Wednesday, July 21, 2010

One of the Best Things About Writing Fiction

I remember reading somewhere (Bird by Bird maybe?) that Anne Lamott wrote with intensive clarity on gardening in one of her books that she was cornered by gardeners who were very eager to Talk Gardening with her. It turns out Lamott is not into gardening. One of her characters was, so she had to learn all she could about gardening to make her character's actions believable.

For a while musician and writer Narissa Nield blogged about taking boxing lessons.  It's not that Narissa was into boxing, but one of her characters, inexplicably, was.  And in order to write about it properly, she needed to get suited up and step into a boxing ring and spar with a trainer herself.

Both of these writers did what they needed to do to make their characters and their writing authentic.  They learned what their characters would already know, they experienced the sights, the smells and the feel of what their characters lived.  Instead of imagining these things, they made each of them real for themselves so they could make the experiences real for their readers.

It's a very short step from this type of dedication to your characters and your writing to an absolutely waygreat excuse to do/try just about anything fun you've ever wanted to do.

Ever thought about hang gliding?  I have. (and not only when I think about listing The Things That Terrify Me for The Amazing Race)  For me, I can't justify the expense.  However, if I had a character that was into hang gliding, I'd have to try it, right?  (Right)  So why wait until I have a character already telling me that s/he hang glides and is waiting impatiently for me to do it myself to be able to write about it and do the experience justice?  Why not do it before I have such a character?  Who knows, maybe in the process of hang gliding I might start finding such a character and a story?

This excuse works for just about everything.  Look, your friends and family already know you have a different slant on life because of your writing, right?  They're used to you researching all sorts of "Where to Dump the Body" type of things.  Why should just about anything be out of the question, then?

I'm serious here.  Writing may be one of the most head-bangingly frustrating experiences I've ever voluntarily put myself through, but it also offers vindicates me from having to come up with any better excuse for trying something.

Eating really hot food?  There's a character for that.  Bungie jumping?  There's a character for that.  Beekeeping?  There's a character for that.  Knitting?  There's a character for that.  Playing boardgames that take days, if not weeks, to complete?  There's a character for that?  Learning French cooking?  There's a character for that.  Talking on a iPhone?  There's an app character for that.

Who cares if you don't have that character just yet -- or if you never do.  This is an unwritten perk of writing that we should happily exploit.

So, take full advantage of it and live life!

-- Tom


  1. I love this post! Bee-keeping is something I find fascinating and might have to try some day. I love trying new things, although I can tell you for sure that I'll never have an MC that sky dives--NOT my thing! :)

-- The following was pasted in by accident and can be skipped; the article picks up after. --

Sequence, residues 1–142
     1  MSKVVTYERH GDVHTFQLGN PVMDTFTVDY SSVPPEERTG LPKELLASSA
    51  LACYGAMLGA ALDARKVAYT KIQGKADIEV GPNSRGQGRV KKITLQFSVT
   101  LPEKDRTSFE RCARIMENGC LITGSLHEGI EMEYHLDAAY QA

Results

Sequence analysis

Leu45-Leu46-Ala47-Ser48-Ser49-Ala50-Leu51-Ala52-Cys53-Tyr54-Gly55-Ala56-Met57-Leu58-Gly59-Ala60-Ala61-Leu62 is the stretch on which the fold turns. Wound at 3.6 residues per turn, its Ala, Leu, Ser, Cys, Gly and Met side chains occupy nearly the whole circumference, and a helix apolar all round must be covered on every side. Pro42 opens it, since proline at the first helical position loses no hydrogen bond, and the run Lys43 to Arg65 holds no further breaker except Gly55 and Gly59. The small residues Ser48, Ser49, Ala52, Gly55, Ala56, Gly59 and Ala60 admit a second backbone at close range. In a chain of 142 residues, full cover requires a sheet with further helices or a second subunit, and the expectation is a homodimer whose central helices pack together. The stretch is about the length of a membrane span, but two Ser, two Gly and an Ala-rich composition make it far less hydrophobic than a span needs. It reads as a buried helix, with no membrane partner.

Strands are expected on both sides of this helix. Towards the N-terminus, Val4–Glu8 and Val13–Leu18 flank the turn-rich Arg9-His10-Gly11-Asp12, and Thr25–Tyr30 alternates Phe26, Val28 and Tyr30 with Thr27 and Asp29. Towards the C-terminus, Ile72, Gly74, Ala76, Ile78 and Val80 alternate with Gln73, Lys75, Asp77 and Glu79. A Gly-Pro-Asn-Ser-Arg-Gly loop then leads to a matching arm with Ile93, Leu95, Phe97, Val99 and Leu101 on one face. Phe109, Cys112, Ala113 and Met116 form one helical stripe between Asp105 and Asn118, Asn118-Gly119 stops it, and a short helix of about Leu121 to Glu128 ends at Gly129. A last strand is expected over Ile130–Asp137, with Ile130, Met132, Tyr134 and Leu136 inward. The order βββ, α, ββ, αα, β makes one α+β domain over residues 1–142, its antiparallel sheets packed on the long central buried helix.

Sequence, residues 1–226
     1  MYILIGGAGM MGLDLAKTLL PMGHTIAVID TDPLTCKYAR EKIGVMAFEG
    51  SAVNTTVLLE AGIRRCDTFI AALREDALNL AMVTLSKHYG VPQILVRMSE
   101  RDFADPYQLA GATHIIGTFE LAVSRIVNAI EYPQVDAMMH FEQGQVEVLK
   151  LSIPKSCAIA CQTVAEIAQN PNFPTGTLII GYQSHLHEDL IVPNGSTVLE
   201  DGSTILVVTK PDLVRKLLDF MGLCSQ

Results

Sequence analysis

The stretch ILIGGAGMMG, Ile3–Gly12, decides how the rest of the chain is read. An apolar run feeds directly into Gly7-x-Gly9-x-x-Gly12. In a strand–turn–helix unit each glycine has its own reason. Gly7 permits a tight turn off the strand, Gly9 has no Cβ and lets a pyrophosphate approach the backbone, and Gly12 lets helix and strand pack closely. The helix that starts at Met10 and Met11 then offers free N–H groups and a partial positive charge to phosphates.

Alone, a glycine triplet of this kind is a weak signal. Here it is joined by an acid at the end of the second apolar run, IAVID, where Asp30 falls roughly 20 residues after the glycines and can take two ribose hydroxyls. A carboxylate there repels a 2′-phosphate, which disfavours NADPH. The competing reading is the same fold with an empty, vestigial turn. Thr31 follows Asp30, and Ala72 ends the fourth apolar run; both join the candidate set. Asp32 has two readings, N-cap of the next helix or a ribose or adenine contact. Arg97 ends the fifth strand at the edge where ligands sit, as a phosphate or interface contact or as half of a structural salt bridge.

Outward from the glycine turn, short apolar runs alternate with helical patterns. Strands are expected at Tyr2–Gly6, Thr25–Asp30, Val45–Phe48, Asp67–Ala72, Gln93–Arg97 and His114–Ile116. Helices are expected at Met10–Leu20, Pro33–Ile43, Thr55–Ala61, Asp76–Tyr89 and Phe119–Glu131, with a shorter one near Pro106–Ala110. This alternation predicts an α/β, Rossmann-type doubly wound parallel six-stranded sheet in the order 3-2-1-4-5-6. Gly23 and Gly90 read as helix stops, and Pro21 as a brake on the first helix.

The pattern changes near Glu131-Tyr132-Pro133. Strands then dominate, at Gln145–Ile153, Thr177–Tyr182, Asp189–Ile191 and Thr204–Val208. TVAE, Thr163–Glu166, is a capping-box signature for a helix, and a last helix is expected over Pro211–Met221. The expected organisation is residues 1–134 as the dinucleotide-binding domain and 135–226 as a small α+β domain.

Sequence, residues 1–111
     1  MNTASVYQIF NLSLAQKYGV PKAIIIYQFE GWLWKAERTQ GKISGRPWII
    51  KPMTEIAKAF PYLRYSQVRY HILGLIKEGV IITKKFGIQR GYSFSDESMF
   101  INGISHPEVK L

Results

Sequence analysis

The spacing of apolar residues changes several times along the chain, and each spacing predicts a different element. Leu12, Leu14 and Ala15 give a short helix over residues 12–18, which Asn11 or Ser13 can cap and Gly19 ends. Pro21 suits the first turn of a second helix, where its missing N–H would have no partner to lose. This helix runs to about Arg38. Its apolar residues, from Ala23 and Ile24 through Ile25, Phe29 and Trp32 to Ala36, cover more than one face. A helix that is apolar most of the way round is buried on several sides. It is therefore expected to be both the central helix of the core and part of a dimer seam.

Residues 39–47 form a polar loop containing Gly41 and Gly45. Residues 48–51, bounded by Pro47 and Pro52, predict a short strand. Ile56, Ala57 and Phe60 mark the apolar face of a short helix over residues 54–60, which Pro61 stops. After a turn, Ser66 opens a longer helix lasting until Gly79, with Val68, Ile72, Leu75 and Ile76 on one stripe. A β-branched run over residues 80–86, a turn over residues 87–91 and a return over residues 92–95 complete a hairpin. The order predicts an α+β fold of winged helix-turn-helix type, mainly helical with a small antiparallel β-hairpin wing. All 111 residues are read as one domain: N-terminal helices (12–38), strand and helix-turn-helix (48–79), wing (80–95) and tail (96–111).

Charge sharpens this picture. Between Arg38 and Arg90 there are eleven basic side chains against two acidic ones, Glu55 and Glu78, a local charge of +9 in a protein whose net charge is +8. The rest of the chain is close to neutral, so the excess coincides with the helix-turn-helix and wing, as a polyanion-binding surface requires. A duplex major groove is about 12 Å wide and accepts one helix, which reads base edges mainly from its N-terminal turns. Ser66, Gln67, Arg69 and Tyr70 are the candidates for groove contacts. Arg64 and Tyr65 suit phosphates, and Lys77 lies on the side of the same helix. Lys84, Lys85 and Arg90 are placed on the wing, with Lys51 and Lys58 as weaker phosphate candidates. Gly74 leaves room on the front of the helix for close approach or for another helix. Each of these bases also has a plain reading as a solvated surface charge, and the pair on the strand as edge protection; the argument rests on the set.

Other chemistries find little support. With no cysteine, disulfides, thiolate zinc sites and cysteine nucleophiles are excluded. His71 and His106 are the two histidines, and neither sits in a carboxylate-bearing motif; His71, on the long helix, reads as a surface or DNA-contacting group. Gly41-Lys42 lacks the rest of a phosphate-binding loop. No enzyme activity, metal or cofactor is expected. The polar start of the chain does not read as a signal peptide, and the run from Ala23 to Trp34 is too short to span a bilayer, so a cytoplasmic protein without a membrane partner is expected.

2. Thanks!

    I spent a good part of the first of the year reading about beekeeping -- because I want to be a beekeeper. (I have a hive, but no equipment and, more importantly, no bees) Larry offered to give me some old beekeepers protective gear and mentioned he would be harvesting honey if I was interested in helping.

    While I was helping and taking photos I realized this was the perfect experience for writing about a character who was a beekeeper. (then it just took me a few months to write up this entry)

    Sky-diving might not be your thing, but it just might be one of your character's things. Be careful what you wish for!


  3. Van: now I expect you to make good use of it!


  4. Great post! When I was growing up my parents raised honey bees. I'd like to try my hand at canning.

  5. Hi Tom,

    Love the post. Will go ahead and add it for tomorrow's (okay, today's) Friday round-up of best articles for writeres. It's a long one, so hope you find more than half an hour! And absolutely you are welcome to call our attention to a post. We hope people do. We won't guarantee to put anything in, but we love the opportunity to take a look!

    Best regards,


  6. Tom--it's funny. This is the third time in a week that someone has talked about deliberately trying new experiences in the context of being a writer. What is the universe trying to tell me? (And why can't the universe be subtle? Am I that thick headed that it needs to hit me over the head with things over and over and over--and why am I so self centered that I think that the universe made you write this blog post solely for my benefit . . .)

    Nice post.

  7. Okay--P.S. That episode of the Amazing Race where one of the choices was to hang glide, and it was too windy for people to do it frustrated me. I want to see people do that sort of face their fear type things. And I love the Amazing Race.

    P.P.S I'm getting off my lazy butt and adding you to my blogroll so I don't keep missing excellent posts.

  8. i got together with the other two people who told you this and we agreed that this would be the week we collectively told you this. you've been stubborn and not paying close enough attention to the more subtle signs the Universe has been trying to give you on this point.

    so, yes. get out there and do something completely out of character for you but completely in character for one of your characters!

    (and thanks for the blogroll add!)

    p.s. the producers of TAR have had hang gliding as a choice in two seasons. the first time around, those who chose it were able to do so. the second time around, the winds prevented it.